Whether you are caring for a loved one or are concerned that you will need care yourself, the emotional and financial costs can be life altering. It’s critical to be prepared.
There are few things more wrenching than realizing that an aging parent or loved one can no longer manage alone. In the flurry of decisions that follow—about living arrangements, responsibility for care, and where the money will come from—family members may disagree about what’s best. Unfortunately, numerous adult sons and daughters are now in the unenviable position of having to make such choices.
What’s more, many of these same adults will one day have to confront the same issues from the other side—when they become the ones who will need the care. According to the Department of Health and Human Services, around 70% of today’s 65-year-olds will need some form of long-term care in the future and, with Americans living longer, that need will likely increase.1 That makes planning ahead crucial—whether you’re concerned about giving care, needing care, or both. And, with so much at stake, dealing with eldercare issues requires flexible, innovative solutions and early action, including making use of more than one strategy.
“As families begin to confront the financial and emotional challenges of eldercare, they often find themselves plunged into an array of unfamiliar questions,” says Bill Hunter, director, Personal Retirement Strategy & Solutions at Merrill Lynch Wealth Management. Although these discussions are never easy, it’s imperative to talk to aging parents about their wishes—no matter how difficult that might be. It’s also best to include the whole family in the conversation long before decisions have to be made. Doing so can reduce tensions and ease the transition for everyone involved. Yet, only 10% of people in the Merrill Lynch 2013 Retirement Study Family & Retirement: The Elephant in the Room had ever talked with their parents about how to pay for long-term care.2
Looming over all eldercare decisions is the question of finding the money for the care that is needed. For those who have time to plan, buying a long-term-care policy well in advance for either your parents or yourself can help. That’s because the sooner you buy long-term care insurance, the lower the premiums—and the less likely a health condition will disqualify you or a loved one from coverage.
You can also make a number of choices that could reduce the cost of coverage:
Traditional long-term care insurance may not be the answer for everyone. Health-related requirements for coverage are becoming more stringent and some big insurers have stopped offering traditional long-term care policies altogether. Moreover, many people are understandably reluctant to spend years paying for coverage they may never use.
But, a number of alternatives to paying for long-term care expenses are available that may be better suited for many people because of their flexibility. Among them are “hybrid” life insurance policies that contain additional features to help cover long-term care and other financial needs. These are permanent life insurance policies with long-term care benefit riders, which come at an additional cost. These are generally purchased with a single lump sum payment and—unlike traditional long-term care policies—come with a return of premium rider so that assets can be tapped for other needs. So, there are three benefits for the consumer: long-term care benefits if needed, a life insurance death benefit if the policy is not used for long-term care, and a money-back guarantee if you change your mind. (A long-term care rider that charges against the account value are not a taxable distribution, although they do reduce the client’s cost basis.)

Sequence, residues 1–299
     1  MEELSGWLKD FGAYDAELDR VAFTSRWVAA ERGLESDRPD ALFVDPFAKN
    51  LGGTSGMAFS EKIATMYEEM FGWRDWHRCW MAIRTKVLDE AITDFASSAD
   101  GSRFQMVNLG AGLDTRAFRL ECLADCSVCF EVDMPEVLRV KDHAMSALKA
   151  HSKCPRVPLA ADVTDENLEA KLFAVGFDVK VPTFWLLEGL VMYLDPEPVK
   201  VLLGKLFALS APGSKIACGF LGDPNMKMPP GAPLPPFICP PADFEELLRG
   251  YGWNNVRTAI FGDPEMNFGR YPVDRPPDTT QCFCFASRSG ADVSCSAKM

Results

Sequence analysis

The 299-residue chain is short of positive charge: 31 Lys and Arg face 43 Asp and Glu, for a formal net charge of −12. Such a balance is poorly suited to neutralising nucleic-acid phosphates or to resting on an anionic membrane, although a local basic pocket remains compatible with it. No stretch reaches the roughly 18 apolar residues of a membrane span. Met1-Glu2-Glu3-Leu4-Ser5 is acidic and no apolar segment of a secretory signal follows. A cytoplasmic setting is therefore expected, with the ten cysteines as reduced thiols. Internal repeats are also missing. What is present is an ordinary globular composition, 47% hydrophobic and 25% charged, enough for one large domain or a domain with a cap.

Additionally, individuals who don’t currently have the liquidity to purchase long-term care coverage but do have life insurance may be able to exchange their policy tax-free and purchase either a stand-alone long-term care policy or a hybrid policy.
Another solution, the trusteed IRA, can be useful for retirees who don’t have close relatives or don’t want to burden their children with the responsibility of managing their financial affairs as they grow older. Under this arrangement, the owner of an IRA authorizes a trustee to invest the IRA assets, make required distributions, and pay bills and address other needs in accordance with the owner’s stipulations. Accordingly, the trustee might direct funds to pay for a nursing home or other facility if the owner is somehow incapacitated. The trustee can ensure that the IRA owner takes all required minimum distributions and can manage the distribution of any remaining assets to heirs according to the owner’s wishes.
Unfortunately for many, by the time they begin to think about eldercare, it may be too late to obtain long-term care insurance—either for themselves or for their parents. However, you may be able to find other ways of handling these financial challenges by meeting with your Financial Advisor and conducting a thorough analysis of your current investment strategy with the aim of generating guaranteed income that you can dedicate to these expenses. Annuities can be useful in this process. Your Financial Advisor can help you determine which strategic changes to your portfolio might best fit your circumstances.
However you decide to manage the situation, the most important thing is to set your course as far ahead of time as you can, making your plans as flexible as possible to account for a range of scenarios. When it comes to the challenges of care, whether you’re giving it or receiving it, having a strategy in place early can be the greatest gift you give yourself—and others.
Ask your Financial Advisor how you can prepare for the cost of eldercare—for loved ones and yourself.
Can a trusteed IRA help see to it that I won’t be a burden to my children?
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